The concept of choice has been central in my research, which is expected, since ‘opting’ as in opting out is synonymous with choosing or exercising choice. In other words, when we talk about opting out, we talk about people who choose to do so. Therefore I decided early on not to include people who have had no choice but to leave their careers due to reasons like burnout. I wanted to study why people who at least in principle have the choice to stay decide not to, what it is that drives them, and what it is that they look for instead.
Early on I also realized that there was more to this idea of ‘free choice’ than meets the eye. The reason I saw this was because as I interviewed women, it became more and more clear that opting out – choosing to leave – was a long and often painful process riddled with crises. So either way, it certainly wasn’t an easy choice.
We live in a time of globalization, individualization, consumerism, and constant reinvention, and the rhetoric of choice today is very strong. As traditions become less important (we no longer have to live or do things in a certain way just because that’s the way things have always been done), we are encouraged to choose things like what we want to do and who we want to be professionally, a lifestyle, and what we want to stand for from a myriad of choices. And we’re encouraged to do this again and again. As Anthony Elliott writes in his book Reinvention, “flexibility, adaptability and transformation have become intricately interwoven with the global electronic economy.” We have to keep reinventing ourselves professionally in order to stay competitive, which is enabled and exacerbated by therapy culture and the instant makeover industry. But not only that, reinvention also fulfills another need: “the lure of reinvention is that it is inextricably interwoven with the dream of “something else”.” This I think really hits the nail on its head. In a time when things really are very hectic and it’s hard to keep up, we long for that something else which is always just out of reach.
So choice is evidently an important concept in contemporary society. But not only that, choice also gives us a sense of agency in a time when there is a lot of uncertainty, a sense that we can control and shape our lives. When we opt out, we like to think that it is completely our own choice, and not that there are factors that actually may push us to opt out.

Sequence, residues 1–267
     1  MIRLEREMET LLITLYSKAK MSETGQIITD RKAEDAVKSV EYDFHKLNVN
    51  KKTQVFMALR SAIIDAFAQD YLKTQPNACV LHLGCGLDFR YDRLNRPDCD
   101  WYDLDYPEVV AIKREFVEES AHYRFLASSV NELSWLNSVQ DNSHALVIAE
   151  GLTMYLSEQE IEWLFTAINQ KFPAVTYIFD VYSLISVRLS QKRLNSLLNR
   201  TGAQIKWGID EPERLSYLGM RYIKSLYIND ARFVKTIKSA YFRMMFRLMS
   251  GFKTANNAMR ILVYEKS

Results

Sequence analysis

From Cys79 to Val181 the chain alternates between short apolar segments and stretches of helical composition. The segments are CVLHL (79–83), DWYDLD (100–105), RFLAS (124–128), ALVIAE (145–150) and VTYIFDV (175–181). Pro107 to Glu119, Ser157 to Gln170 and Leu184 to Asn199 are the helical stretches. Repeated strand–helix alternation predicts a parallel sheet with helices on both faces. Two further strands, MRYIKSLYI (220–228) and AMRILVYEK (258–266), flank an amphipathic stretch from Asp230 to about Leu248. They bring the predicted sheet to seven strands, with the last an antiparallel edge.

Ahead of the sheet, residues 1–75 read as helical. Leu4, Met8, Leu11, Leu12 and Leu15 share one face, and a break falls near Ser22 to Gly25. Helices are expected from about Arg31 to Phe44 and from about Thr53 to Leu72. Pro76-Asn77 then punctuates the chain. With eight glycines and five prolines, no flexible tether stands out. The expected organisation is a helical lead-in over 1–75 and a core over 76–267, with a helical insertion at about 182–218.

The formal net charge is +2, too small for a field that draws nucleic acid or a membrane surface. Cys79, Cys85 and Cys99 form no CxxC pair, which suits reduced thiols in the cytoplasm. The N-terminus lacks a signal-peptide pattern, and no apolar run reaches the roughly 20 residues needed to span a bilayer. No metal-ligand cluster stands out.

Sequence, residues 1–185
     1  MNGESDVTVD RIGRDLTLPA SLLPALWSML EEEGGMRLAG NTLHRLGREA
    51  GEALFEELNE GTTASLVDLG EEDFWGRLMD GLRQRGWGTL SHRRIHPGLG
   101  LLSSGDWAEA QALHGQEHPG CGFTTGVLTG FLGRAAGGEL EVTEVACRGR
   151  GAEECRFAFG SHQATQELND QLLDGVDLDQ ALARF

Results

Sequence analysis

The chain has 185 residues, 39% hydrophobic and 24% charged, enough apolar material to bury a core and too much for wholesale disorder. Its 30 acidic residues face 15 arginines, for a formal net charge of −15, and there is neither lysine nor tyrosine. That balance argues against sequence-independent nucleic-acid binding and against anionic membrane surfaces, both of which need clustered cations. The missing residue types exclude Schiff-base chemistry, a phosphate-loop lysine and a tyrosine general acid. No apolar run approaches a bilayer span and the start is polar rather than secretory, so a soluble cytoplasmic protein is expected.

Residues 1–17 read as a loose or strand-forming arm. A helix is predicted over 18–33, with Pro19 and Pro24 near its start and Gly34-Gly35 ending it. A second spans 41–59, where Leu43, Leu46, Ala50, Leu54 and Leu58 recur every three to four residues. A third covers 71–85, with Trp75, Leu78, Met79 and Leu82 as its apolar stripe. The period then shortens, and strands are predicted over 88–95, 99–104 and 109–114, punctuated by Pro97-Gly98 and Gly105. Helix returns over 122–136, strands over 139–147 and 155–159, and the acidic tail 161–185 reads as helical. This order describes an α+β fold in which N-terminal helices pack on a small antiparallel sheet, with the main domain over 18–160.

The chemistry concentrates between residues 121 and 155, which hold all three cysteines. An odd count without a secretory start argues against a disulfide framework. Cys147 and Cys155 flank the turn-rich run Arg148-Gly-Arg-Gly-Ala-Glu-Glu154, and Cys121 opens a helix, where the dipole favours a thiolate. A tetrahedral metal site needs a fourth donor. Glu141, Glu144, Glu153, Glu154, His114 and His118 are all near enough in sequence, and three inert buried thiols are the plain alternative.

Ten years ago, Linda Hirshman coined the expression ‘choice feminism’, which represents a belief that women can and should choose whether or not they want to have a career, or whether or not they want to take advantage of the opportunities that feminists have spent decades fighting for. According to choice feminism, a woman can choose not to have a career and embrace traditional gender norms and still be a feminist, if she chose it herself.
But for a career woman with small children, there are a lot of other forces at work. Mothering is so intimately linked to femininity that if you fail at your job, you’re just a bad worker; but if you fail at mothering (or don’t prioritize it), you’re a bad woman. Yes, ouch… So if having it all becomes too hard, that is if having two full-time jobs (first at work and then at home after work) or if trying to do it all simultaneously becomes too much to handle, women will more often than not choose mothering over their careers. But it doesn’t necessarily mean that they don’t want a career, it just means that we (society) expect women to be superhuman.
Choice is complicated. It’s not always clear what decisions are based on. Sometimes there are coping mechanisms at work (it may just feel better to believe that a decision was based on free choice) and sometimes a narrative is created afterwards to supply a sense of agency and control. The point is, choices (or should I say “choices”) are the result of both individual wants and needs, and societal expectations and social pressures. Not to mention all the internal conflicts that we all grapple with.
So yes, women do get pushed out to a certain degree: they still get discriminated, they get mommy-tracked, and they take care of more than their fair share of household chores and care responsibilities. But again, it isn’t that simple. In addition to push-factors there are also pull-factors. What I have found is that not only have these women been pushed to make a change, they also experience the pull of a life where they can be everything they want to be, and do it in a way that makes it possible. They experience the pull of a life where they feel that they can be themselves, instead of hiding certain parts of themselves (like their femininity or their children…) to get ahead in their careers. Or perhaps they just simply want a life where they can do meaningful work without succumbing.
Now I have just started my interviews of men who have opted out* and it is still too early to tell, but it will be interesting to see how similar or different their opting out journeys are compared to those of the women I’ve interviewed. What are the drivers that push men to opt out? What is it that pulls them in their new lifestyles? And how do they make sense of their choices? It remains to be seen.
* A very big thank you to everyone who contacted me regarding interviews! It has been most helpful! If anyone else knows of any men who have opted out who would be willing to be interviewed, or if you are a man who has opted out, you can still contact me at firstname.lastname@example.org.